Alternative needed for elderly, sick Mass. inmates

21prisons -- Inmates at MCI-Shirley (Christopher Burrell/New England Center for Investigative Reporting)
Christopher Burrell/New England Center for Investigative Reporting
Inmates at MCI-Shirley.

LAST MONTH, Governor Charlie Baker reluctantly signed a sweeping criminal justice overhaul into law. Now he’s trying to weaken a key provision, a “compassionate release” measure allowing some of the sickest and most incapacitated inmates to leave prison before they die.

Lawmakers should reject the governor’s efforts. Compassionate release is the right thing to do, and it could save Massachusetts taxpayers millions of dollars to boot.

Baker has proposed legislation prohibiting the release of inmates serving life sentences without the possibility of parole for first-degree murder, a group that includes 375 elderly inmates. He also wants to put tight restrictions on sex offenders.


The impulse is understandable. These prisoners were convicted of terrible crimes. But a story in last week’s Globe, by Jenifer McKim of the New England Center for Investigative Reporting, shows these inmates are often hobbled by dementia, cancer, or strokes. Some are incontinent and wear diapers. And as the data make clear, they are unlikely to re-offend if released.

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Joe Labriola, a 71-year-old convicted of the 1973 murder of a cocaine dealer, uses a wheelchair now. “Taking a shower, it’s like running a marathon,” he told McKim. “My lungs are going. What threat would I be?”

Massachusetts was one of the last states in the country to enact a compassionate release measure, making it a laggard in modernizing its criminal justice policies.

It’s not just a moral issue, but also a pragmatic one. It’s expensive to care for inmates, because corrections costs are layered on top of medical expenses: When Labriola is taken to the hospital, he’s accompanied by two guards and is shackled to his bed.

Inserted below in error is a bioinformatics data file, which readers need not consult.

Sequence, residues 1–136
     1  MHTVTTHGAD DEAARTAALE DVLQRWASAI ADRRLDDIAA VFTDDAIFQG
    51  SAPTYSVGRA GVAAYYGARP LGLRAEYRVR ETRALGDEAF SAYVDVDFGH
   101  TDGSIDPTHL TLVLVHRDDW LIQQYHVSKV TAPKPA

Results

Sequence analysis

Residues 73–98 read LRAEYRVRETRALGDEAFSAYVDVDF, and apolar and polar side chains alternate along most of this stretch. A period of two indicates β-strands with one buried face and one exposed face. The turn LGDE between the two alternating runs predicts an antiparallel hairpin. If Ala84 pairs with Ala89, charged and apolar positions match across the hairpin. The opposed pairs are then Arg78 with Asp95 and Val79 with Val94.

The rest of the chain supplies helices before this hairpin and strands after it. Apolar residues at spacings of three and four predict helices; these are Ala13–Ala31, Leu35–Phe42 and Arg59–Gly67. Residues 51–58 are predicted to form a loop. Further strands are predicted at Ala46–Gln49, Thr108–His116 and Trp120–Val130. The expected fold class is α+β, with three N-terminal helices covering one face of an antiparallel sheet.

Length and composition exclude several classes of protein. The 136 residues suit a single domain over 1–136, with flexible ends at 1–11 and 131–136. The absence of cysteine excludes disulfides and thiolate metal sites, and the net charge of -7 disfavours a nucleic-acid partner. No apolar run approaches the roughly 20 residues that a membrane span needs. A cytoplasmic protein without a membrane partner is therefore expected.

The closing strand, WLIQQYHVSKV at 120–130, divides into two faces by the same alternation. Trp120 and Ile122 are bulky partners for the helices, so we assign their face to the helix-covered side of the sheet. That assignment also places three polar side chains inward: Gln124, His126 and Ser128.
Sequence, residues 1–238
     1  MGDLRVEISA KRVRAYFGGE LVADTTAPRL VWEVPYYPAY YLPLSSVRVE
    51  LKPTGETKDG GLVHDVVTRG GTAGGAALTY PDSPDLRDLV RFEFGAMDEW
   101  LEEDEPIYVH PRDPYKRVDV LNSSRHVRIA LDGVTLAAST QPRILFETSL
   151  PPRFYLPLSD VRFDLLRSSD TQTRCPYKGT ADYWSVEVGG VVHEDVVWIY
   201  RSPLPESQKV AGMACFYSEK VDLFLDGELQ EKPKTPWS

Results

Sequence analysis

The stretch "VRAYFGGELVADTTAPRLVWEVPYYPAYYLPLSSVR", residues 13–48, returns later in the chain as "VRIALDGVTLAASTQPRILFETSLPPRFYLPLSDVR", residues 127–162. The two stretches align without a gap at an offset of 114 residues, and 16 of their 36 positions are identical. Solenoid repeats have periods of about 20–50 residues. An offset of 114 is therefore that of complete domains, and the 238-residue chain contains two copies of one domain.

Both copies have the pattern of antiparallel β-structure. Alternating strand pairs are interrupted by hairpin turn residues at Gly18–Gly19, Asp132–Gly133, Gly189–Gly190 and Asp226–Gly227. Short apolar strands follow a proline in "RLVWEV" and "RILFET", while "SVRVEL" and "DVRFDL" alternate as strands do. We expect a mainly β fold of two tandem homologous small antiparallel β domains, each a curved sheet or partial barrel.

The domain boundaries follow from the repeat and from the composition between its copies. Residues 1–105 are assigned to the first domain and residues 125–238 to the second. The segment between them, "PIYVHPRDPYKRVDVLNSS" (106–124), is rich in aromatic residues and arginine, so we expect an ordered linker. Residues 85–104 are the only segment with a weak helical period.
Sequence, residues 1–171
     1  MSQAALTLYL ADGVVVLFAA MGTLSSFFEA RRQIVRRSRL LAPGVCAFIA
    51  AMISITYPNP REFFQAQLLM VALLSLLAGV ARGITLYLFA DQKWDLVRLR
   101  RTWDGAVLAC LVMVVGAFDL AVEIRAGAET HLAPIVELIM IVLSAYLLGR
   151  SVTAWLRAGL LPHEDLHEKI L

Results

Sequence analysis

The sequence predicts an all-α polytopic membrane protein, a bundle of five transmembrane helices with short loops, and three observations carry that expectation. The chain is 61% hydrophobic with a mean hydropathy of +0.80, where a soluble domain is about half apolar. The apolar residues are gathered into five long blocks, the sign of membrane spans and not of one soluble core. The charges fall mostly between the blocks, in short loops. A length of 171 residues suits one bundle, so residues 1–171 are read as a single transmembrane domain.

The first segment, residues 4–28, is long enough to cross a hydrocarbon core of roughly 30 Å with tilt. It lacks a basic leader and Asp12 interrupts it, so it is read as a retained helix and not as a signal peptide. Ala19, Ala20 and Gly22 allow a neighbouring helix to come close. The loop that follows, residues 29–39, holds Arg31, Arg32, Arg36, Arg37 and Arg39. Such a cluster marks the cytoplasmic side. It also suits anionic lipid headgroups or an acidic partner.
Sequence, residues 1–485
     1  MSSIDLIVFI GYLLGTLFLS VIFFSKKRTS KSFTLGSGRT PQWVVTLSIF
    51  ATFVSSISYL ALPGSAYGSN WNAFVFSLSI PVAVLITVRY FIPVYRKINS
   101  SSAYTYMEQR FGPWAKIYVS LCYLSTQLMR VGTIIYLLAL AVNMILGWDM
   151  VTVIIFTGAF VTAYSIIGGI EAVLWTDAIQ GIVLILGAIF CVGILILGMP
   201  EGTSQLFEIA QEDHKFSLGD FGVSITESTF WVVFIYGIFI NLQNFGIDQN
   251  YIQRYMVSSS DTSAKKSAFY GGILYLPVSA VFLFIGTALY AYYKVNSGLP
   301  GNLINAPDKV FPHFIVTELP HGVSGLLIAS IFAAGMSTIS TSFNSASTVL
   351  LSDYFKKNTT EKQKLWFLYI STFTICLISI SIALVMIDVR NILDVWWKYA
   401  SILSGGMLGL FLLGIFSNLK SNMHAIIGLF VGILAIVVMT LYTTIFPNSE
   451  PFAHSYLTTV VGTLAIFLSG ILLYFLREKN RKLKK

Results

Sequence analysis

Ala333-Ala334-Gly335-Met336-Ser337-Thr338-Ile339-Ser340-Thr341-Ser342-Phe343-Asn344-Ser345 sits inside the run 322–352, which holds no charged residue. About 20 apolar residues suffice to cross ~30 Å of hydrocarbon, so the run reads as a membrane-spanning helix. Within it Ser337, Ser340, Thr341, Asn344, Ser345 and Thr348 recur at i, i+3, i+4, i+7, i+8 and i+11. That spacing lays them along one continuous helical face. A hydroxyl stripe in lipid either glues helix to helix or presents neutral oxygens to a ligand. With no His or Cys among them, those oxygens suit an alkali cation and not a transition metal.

If an offender is released from prison and lands in a purely medical facility, the cost to taxpayers should be smaller, says Tina Maschi, a Fordham University professor who has studied compassionate release. And some patients are able to receive care at home, she adds, cutting costs even further.


For state budget hawks, there is this additional benefit: In prison, it’s the state picking up the cost of care. Out of prison, the federal government shares the burden.

Ben Forman, research director at the think tank MassINC, says there is also a question of priorities. Letting the perpetrator of a violent crime free a few months early can feel like a violation of social responsibilities to the victims. “But,” he says, “we also have a responsibility to future victims.”

His argument: There are limited resources in the corrections system, and we should be pouring them into services for younger and potentially more dangerous inmates — making them less likely to re-offend, and victimize new people, when they get out of prison.

It’s a difficult choice, but a necessary one. Compassionate release is a matter of trade-offs, moral and financial. And ultimately, those trade-offs are for the good.